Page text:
‘I thought the voices were normal.’ Realising I had Psychosis



I suffer from Bipolar disorder, well known for it’s symptoms of mania and
depression, but what many people don’t realise is that some sufferers also
experience psychosis. These could include delusions, auditory and visual
hallucinations. For me, I hear voices. This happens during periods of extreme
moods, so when I’m manic or severely depressed. I may hear voices that are
comforting or spur on my mania. Sometimes the voices are just a jumble. When
I’m depressed, it becomes disturbing. Voices will scream and shout at me,
or sneer vindictive threats. I write about one such experience here: Doubting Myself – Hearing Voices

When I was younger I thought having someone talk to me in my head was normal.
Then, as I grew older, I believe I was in denial. Something like this
couldn’t happen to me, it just didn’t seem fair. It wasn’t until I
stumbled upon an article that explained the symptoms that I began to truly
except this wasn’t right. I sat reading, with tears welling up as the
realisation dawned on me; I had been experiencing psychosis. I cried for a
long time. The idea of telling anyone I had psychosis terrified me. What if
they were afraid of me? What if they thought I was dangerous? My fear of
being labelled as ‘mad’ or ‘insane’ stopped me from being honest with
the people closest to me. I didn’t want to lose friends or have family
treat me any differently.

Even as a sufferer my view of psychosis had been skewed by pop culture
representations. You were a disturbed, dangerous individual that didn’t fit
into society if you heard voices. It couldn’t be further from the truth in
my case. I was just an ordinary woman; I was in a long term relationship, I
worked, I went out with friends. Yet I felt stigmatised before I even reached
out to anybody. I stayed silent for years, only telling my psychiatrist after
a year of treatment for Bipolar.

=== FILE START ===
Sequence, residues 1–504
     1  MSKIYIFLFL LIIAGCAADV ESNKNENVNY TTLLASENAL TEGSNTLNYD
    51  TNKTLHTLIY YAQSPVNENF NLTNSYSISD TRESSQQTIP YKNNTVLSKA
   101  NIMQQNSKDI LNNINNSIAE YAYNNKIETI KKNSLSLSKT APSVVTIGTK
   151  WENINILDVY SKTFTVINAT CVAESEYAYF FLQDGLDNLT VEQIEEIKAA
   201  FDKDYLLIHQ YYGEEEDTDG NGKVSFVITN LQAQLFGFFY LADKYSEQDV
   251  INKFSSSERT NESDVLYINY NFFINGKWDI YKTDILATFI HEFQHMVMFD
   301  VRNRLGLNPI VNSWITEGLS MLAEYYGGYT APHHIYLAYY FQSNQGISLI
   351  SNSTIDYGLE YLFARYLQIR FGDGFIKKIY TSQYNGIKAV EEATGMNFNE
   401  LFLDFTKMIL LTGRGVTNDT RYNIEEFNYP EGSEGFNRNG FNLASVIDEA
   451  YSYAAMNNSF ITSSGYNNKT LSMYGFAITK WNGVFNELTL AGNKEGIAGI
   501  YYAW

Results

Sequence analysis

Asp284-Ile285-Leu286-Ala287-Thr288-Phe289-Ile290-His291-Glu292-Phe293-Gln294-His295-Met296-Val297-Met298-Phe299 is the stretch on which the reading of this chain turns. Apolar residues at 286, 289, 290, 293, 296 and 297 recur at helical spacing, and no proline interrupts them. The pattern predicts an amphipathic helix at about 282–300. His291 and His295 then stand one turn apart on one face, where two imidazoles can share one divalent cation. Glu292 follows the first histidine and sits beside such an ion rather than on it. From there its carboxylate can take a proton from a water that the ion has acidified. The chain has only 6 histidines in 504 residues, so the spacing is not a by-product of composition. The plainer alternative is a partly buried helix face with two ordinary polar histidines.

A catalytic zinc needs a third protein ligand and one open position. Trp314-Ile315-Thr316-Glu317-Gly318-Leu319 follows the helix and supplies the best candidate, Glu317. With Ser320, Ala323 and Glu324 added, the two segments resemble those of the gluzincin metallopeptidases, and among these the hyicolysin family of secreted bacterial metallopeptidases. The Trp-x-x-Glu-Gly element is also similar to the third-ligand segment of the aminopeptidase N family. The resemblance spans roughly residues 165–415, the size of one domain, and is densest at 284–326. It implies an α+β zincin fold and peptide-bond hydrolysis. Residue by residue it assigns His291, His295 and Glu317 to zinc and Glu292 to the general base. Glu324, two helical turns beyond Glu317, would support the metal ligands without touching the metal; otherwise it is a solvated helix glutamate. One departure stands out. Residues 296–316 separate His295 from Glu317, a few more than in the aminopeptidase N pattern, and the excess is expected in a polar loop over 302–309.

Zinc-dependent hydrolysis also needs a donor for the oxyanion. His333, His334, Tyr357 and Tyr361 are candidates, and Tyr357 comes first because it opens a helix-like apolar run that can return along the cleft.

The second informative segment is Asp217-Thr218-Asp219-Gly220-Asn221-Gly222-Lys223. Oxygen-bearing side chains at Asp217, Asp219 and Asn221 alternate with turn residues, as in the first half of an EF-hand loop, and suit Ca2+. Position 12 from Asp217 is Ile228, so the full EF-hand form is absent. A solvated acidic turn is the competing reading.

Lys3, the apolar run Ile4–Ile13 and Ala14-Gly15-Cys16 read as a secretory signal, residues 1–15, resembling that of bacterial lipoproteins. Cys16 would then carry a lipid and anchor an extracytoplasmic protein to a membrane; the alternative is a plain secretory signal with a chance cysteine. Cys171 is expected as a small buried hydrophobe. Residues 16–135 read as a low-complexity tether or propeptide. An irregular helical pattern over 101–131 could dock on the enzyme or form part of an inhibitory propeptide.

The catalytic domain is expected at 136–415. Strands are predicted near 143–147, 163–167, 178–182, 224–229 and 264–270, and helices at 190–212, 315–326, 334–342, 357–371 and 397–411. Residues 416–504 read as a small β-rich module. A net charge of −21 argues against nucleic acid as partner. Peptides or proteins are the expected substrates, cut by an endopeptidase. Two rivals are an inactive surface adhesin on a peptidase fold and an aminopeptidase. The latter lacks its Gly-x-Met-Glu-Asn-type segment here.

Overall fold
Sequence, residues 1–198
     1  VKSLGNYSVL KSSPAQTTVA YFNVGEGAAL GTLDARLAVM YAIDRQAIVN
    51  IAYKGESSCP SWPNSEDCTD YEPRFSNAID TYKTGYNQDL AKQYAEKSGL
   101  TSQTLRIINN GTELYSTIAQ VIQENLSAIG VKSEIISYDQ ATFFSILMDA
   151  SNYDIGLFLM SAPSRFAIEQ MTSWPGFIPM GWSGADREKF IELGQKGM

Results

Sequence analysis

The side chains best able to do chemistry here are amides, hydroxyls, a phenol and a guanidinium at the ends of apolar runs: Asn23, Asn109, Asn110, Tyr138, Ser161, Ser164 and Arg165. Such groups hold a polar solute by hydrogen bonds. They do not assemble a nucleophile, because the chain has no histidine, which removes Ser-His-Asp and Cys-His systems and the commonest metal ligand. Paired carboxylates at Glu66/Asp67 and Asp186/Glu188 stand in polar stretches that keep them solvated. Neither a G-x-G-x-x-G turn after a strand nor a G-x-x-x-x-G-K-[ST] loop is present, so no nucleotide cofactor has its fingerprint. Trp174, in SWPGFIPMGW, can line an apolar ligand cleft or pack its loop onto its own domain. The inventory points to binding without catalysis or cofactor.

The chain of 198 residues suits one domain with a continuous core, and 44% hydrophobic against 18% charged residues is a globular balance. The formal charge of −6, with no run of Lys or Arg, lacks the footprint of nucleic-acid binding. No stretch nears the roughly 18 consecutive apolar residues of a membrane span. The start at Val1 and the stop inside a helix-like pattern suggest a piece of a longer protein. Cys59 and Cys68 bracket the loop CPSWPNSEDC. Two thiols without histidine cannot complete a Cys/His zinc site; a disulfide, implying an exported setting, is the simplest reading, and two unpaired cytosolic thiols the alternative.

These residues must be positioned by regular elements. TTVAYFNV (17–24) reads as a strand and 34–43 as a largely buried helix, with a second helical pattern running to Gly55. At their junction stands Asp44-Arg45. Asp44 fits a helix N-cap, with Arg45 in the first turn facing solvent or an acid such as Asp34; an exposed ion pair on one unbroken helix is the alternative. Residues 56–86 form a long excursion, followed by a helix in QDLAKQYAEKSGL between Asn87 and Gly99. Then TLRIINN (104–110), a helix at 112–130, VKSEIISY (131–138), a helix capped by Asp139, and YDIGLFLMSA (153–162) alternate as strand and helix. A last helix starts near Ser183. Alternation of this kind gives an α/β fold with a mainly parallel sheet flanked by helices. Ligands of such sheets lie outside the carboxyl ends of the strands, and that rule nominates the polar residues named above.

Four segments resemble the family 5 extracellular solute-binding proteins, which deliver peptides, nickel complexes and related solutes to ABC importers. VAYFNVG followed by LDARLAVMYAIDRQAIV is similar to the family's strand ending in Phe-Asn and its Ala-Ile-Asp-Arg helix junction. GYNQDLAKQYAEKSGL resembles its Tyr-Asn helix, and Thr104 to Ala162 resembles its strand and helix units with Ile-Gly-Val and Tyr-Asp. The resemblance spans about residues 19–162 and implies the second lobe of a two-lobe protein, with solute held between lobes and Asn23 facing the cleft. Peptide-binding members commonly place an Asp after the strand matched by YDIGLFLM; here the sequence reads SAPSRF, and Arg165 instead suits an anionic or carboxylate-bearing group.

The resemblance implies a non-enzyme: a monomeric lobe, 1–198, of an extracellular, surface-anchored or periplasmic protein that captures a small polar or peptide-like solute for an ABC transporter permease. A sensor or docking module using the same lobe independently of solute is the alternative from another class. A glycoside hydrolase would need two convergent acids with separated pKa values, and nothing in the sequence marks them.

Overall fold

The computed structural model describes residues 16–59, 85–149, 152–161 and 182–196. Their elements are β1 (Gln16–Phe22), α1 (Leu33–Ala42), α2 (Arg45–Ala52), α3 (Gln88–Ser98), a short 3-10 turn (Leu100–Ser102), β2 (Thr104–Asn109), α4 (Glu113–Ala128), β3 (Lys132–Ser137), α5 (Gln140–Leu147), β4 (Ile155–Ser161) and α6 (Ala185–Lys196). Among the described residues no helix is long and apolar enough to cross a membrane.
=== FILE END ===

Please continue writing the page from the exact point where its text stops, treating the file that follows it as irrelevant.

I eventually opened up to my partner. It was an awkward conversation, with
many pauses and silences as I struggled to explain myself. Although he
initially found it difficult to understand, he was supportive and caring. He
could see how upset I was becoming and how much of an internal ordeal I had
been through keeping this bottled up inside, and knew all I needed from him
was a hug. Later, I told my family and they excepted it with an ease I
wasn’t expecting. I have begun to be open about my experiences on social
media and the outpouring of support from friends has been incredible. I am
truly lucky to have such open minded family and friends.

I know there are people out there who don’t understand and some that are
scared of psychosis. If these people opened themselves up and had a genuine
discussion with someone like me they wouldn’t be afraid. I have met people
who believe it is edgy or cool, or use it as fashion statement. It is none of
those things and  is not something you should ever wish on yourself. It is
debilitating, bewildering and terribly frightening, but with support can be


  1. TheOriginalPhoenix June 24, 2017 / 1:19 am

    Thanks for sharing your story 🙂 it was an interesting read. Happy to hear you have such a supportive family 🙂

  2. BrizzleLass July 5, 2017 / 6:10 pm

    Wow! Fantastic post! I can echo this so closely! I actually told a psychiatrist a few years ago “Unjust thought that was totally normal I didn’t realise everybody else didn’t see and hear those things” I have bipolar aswell and now know that I get quite severe psychosis with it but was oblivious for years thinking voices and hallucinations were totally normal. Life is much quieter now that it’s treated I have to say! 😂

  3. Lee Sullivan July 11, 2017 / 6:34 pm

    My little brother was about 10 or 12, when I would tell him goodnight, he kept prolonging the conversation, delaying. Finally he told me he saw this floating head one night, totally freaked him out. I said Oh, it’s a night terror. With conviction he said No, it was real. He was no fool, super-smart, he knew real from not. I reassured him that night terrors seem very real and he could be awake and still see them. He was more quelled than convinced. Much much later in his life, he was diagnosed with schizoaffective disorder. By then, of course, I’d realized he did suffer severe mental illness, and suspected strongly schizophrenia. The point is, I didn’t believe him and nobody tried to help him all those years. Nobody knew he needed help. I hope today more credence is given to children with mental disorders and stories such as yours will encourage young people to come out of the closet before they suffer years of confusion and fear as he did.

    • Katie Conibear July 11, 2017 / 6:41 pm

      I’m sorry that happened. It’s not easy to know what to do when someone is suffering psychosis, especially when they are young. It isn’t your fault as there wasn’t as much awareness as there is now. I write in the hope that my story will help others and give them the confidence to find help. Thanks so much for reading

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